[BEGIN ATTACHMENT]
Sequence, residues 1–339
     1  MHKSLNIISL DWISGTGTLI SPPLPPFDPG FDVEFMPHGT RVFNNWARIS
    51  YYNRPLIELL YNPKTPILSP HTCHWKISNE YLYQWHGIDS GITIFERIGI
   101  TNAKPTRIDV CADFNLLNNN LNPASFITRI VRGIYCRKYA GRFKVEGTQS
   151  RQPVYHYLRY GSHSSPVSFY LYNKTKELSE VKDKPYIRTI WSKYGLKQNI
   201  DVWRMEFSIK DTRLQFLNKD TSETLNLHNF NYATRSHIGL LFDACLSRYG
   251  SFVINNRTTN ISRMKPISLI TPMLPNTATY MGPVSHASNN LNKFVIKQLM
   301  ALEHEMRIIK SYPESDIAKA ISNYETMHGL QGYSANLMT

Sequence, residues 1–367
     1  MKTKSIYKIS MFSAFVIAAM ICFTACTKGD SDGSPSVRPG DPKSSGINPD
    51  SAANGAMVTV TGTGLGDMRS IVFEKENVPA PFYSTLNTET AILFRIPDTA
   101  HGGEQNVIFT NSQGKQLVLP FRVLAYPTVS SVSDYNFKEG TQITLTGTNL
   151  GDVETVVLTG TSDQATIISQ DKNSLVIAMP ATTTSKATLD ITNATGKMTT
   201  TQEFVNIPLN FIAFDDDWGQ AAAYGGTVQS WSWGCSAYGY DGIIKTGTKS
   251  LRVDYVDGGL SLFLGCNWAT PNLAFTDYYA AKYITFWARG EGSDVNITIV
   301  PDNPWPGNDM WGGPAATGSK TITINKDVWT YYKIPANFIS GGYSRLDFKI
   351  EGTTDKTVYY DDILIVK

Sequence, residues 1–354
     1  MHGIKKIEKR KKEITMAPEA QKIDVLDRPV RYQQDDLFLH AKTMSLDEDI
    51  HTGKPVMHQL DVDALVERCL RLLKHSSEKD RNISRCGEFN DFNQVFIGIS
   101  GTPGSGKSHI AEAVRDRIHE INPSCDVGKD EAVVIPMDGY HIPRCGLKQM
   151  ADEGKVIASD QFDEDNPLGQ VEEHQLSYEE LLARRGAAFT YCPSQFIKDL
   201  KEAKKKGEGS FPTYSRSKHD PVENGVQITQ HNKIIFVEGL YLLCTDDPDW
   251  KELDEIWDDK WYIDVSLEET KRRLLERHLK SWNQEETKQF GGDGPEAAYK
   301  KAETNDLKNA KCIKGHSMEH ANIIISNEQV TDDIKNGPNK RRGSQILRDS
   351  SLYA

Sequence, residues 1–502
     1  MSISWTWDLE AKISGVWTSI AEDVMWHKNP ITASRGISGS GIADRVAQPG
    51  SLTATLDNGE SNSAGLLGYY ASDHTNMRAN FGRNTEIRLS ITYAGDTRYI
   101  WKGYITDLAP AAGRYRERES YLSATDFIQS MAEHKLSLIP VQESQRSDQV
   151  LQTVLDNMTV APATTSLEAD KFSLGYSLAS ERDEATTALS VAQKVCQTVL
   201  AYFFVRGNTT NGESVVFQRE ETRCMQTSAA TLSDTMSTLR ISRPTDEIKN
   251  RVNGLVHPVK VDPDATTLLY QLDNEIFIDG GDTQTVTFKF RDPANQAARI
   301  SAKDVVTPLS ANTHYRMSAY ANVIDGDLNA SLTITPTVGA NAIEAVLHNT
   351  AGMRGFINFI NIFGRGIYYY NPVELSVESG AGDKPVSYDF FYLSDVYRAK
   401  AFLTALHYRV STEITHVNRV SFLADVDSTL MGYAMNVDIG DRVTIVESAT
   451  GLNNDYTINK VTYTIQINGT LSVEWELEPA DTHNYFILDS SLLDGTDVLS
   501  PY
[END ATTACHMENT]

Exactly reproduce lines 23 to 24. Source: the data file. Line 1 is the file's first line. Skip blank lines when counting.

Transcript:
   201  KEAKKKGEGS FPTYSRSKHD PVENGVQITQ HNKIIFVEGL YLLCTDDPDW
   251  KELDEIWDDK WYIDVSLEET KRRLLERHLK SWNQEETKQF GGDGPEAAYK